Saturday, July 30, 2016

Reassuringly expensive?

There are various obvious reasons why goods and services in La Antigua can sometimes appear to be more expensive than they ought to be. 

One of the most obvious reasons is the general over-exploitation of opportunity relative to demand. So, in restaurants which are largely empty almost every day of the week, you pay for all the people who aren't dining with you. 

The second reason is more subtle, but equally prevalent. This is a pricing system in which quetzales are disguised as dollars. In this way businesses enjoying developing world rents and overheads charge developed world prices and pocket the difference. 

This has the effect of creating a disguised de facto dual currency system along the lines of the one that operates in Cuba, with its convertible pesos pegged to the dollar and its moneda nacional, which is what ordinary Cubans are paid in. It is utterly deplorable because it extends the gap between the living standards of the masses and those of the middle classes and thus makes it harder to breach, which in turn has a negative developmental effect on the country as a whole. 

The worst offenders are big, foreign-owned chains like Domino's and McDonald's, but it appears to be going on down at the level of supposedly 'ethical' retail too. 

El Panorama is bookended by a pair of farmers' market-style emporia which take place on Saturdays. There is nothing wrong with these in principle I have to say. Indeed we get our eggs (and more occasionally gallina criolla) from this outfit, which is run out of a small finca on the outskirts of town by a Chapin couple and their product is both superior in quality and competitive in terms of price compared to anything we have been able to source elsewhere. 

However, you don't have to browse these markets for long before you get a glimpse of something a bit less admirable - foreigners selling locally-produced goods to other foreigners at premium prices. The pretext is usually 'ethical consumption' (organic greens etc.) but the reality is actually morally questionable, because this trade is diverting income away from the local economy in a completely unnecessary manner.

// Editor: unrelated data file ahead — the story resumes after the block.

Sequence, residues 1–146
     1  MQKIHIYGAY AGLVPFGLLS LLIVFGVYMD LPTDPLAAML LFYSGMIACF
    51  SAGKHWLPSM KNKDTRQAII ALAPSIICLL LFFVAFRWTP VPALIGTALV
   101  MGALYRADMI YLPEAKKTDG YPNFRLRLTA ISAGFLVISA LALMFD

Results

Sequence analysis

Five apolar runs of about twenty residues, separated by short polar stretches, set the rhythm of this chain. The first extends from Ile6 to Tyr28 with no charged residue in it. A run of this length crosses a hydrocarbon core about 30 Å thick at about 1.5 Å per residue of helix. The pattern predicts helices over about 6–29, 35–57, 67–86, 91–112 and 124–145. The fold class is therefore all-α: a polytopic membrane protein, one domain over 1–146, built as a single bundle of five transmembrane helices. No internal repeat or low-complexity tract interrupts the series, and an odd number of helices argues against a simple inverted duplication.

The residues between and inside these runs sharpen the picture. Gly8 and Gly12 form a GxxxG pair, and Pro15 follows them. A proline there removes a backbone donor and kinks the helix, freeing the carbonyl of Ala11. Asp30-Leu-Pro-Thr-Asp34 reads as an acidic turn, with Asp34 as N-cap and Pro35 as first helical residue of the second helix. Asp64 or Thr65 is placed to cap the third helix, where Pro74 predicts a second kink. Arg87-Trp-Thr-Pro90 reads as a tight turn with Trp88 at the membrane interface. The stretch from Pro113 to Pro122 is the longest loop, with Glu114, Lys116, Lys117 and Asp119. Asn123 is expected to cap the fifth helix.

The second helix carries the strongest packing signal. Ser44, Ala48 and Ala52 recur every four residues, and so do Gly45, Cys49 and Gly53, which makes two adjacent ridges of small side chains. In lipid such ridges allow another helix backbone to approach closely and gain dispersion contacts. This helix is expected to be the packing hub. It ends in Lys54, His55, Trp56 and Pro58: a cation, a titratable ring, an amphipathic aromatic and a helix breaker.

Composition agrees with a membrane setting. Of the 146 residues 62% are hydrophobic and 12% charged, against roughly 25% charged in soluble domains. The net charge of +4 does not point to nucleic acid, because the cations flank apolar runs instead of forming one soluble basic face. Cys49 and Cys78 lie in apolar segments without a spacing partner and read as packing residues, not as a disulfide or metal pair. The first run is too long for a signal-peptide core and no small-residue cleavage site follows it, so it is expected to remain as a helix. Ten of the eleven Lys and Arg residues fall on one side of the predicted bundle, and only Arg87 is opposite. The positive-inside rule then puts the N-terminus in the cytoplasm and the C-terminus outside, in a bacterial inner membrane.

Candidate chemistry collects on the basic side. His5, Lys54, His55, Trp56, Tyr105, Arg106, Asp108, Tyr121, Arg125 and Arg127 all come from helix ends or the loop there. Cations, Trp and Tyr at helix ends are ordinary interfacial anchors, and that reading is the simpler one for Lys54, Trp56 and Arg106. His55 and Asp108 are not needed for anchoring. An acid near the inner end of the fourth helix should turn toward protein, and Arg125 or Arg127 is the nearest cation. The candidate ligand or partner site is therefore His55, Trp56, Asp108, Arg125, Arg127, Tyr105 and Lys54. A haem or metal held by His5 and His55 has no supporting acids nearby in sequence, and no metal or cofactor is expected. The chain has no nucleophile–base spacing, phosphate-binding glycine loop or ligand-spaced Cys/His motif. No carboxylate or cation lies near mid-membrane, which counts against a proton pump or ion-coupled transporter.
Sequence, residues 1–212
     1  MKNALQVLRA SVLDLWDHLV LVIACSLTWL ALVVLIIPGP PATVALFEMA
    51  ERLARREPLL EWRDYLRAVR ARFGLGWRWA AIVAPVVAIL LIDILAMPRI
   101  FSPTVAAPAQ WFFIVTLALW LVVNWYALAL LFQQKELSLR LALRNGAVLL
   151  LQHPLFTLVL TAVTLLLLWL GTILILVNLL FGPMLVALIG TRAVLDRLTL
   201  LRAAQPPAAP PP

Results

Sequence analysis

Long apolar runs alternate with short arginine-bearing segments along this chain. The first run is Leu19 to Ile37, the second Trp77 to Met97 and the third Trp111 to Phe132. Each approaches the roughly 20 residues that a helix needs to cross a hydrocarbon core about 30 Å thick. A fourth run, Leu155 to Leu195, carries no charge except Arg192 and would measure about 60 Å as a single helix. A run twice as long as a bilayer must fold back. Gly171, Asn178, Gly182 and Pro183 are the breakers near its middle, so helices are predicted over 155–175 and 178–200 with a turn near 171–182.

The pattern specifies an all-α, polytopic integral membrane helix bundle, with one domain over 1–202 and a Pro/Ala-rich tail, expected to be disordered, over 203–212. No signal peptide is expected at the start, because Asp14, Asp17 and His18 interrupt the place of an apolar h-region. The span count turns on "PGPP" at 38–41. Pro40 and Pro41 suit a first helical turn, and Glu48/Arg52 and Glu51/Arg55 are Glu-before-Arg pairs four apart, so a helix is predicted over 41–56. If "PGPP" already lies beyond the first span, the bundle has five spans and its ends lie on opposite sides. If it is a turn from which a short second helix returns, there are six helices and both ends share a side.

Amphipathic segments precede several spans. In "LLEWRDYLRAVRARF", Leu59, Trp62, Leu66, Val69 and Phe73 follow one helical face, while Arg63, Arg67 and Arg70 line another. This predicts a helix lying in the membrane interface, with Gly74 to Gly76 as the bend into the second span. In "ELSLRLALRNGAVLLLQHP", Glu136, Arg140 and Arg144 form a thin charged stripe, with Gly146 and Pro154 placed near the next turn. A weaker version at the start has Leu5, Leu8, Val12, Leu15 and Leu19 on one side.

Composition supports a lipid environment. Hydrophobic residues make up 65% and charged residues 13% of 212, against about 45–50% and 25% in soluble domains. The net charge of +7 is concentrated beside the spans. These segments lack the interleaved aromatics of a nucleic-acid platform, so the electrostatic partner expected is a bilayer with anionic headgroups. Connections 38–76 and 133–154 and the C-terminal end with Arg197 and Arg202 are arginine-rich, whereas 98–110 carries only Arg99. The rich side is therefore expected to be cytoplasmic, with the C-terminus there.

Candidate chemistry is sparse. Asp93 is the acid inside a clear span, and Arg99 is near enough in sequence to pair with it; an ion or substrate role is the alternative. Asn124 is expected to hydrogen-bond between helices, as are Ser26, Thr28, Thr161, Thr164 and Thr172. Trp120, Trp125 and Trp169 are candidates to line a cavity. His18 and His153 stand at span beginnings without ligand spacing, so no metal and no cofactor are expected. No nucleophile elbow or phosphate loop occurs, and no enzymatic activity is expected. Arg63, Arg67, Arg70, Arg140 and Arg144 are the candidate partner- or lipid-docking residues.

It's not just because people who are too snooty or too lazy to source criollo produce in the mercado municipal are being siphoned off into this alternative market, it is also because comestibles are being sold at gringo prices, but you can be damn sure the producers are predominantly local and being paid at local rates. Why would you come here to Guatemala to buy honey from a retired old lady from Texas or Bavaria?

These profits may find their way back into the local economy by other means, but the immediate effect is to remove a potential source of income from locals who grow and sell some of the best fresh produce in the world.  

And by way of a side effect it also encourages inveterate snobs : whom I would define as individuals with a firm idea of what sort of things other people ought to want. These people are actually inveterate amateur snobs, because they look down on those of of their peers who shop at Walmart and Costco in Guatemala City, yet what they do is in some ways worse. 



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